Sunday, August 19, 2012 – 10:00 a.m.
As fears of more California municipal bankruptcy filings continue to slowly climb, there is one group that must be deeply concerned these days.
That group being municipal bond and mutual fund investors.
San Bernardino, the latest California city to file for chapter 9 bankruptcy, has $46.1 million in tax-free pension obligation bonds outstanding.
The proceeds were used to fund a shortfall in the city’s obligations to the California Public Employees Retirement System (CalPERS).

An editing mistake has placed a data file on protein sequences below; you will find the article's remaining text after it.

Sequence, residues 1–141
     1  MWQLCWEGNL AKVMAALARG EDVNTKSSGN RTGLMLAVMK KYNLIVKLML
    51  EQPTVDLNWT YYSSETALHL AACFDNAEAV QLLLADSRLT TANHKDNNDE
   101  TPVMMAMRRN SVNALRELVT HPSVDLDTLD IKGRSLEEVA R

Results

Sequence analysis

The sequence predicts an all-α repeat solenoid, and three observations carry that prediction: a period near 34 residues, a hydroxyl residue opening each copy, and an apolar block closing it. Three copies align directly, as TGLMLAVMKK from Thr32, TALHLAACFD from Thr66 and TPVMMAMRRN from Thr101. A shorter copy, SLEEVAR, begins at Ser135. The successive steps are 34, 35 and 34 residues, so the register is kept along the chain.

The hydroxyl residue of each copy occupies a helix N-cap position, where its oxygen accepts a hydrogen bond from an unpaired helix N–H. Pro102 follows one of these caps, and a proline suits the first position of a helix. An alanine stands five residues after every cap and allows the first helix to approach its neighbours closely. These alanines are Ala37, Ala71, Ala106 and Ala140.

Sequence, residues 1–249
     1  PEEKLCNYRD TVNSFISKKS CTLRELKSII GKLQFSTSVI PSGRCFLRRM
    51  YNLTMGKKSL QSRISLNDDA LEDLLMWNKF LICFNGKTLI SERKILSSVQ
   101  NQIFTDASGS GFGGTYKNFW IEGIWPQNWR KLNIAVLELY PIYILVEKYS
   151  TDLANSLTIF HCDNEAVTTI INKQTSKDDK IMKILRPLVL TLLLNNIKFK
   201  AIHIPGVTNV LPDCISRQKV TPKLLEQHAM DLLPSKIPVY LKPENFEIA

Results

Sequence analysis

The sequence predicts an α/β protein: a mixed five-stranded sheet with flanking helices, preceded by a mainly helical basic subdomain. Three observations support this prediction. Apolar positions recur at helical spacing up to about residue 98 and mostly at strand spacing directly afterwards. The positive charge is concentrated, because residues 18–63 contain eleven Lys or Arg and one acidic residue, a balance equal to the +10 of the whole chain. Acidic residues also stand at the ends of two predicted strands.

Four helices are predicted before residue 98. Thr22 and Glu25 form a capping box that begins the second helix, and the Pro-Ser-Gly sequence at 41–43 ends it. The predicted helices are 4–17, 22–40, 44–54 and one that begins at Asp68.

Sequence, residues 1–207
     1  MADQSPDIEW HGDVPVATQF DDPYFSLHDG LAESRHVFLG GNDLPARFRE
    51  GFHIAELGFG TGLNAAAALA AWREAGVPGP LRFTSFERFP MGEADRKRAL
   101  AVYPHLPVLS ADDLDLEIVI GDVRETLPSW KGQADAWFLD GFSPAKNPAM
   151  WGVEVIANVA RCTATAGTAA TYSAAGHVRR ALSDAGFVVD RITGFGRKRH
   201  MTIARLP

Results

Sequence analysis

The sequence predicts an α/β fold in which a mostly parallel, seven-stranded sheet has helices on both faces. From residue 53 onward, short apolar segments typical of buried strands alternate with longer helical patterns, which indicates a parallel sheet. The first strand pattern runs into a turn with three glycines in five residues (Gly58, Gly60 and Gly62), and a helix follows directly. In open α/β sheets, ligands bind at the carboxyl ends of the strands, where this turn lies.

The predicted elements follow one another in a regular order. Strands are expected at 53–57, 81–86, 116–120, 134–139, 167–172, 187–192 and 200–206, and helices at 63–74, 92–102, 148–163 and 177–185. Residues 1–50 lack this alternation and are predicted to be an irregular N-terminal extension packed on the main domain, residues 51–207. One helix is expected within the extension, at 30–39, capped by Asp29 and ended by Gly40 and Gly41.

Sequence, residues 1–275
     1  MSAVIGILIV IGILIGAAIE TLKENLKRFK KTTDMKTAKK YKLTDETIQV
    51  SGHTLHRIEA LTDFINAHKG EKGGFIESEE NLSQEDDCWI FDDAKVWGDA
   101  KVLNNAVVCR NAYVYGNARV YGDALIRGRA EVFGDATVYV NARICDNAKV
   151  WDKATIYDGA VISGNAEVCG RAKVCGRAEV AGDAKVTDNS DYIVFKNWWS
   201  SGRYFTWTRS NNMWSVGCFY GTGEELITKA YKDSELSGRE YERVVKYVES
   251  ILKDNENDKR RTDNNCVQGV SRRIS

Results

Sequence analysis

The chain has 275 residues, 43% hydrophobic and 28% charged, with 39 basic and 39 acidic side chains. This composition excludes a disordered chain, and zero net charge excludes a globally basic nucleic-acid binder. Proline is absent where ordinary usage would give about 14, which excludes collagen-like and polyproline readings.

Now the city is faced with owing another nearly $150 million to CalPERS. An amount it must pay regardless of its bankruptcy filing. But even more importantly is the fact the pension obligation bonds were backed by the full faith and credit of the city treasury.
A treasury that is now empty.
Translated this means the bondholders are now unsecured creditors waiting in line who will likely receive pennies on the dollar, if anything.
There is billions in unsecured California municipal debt floating in the marketplace today, and the investors who hold it must feel a little nervous.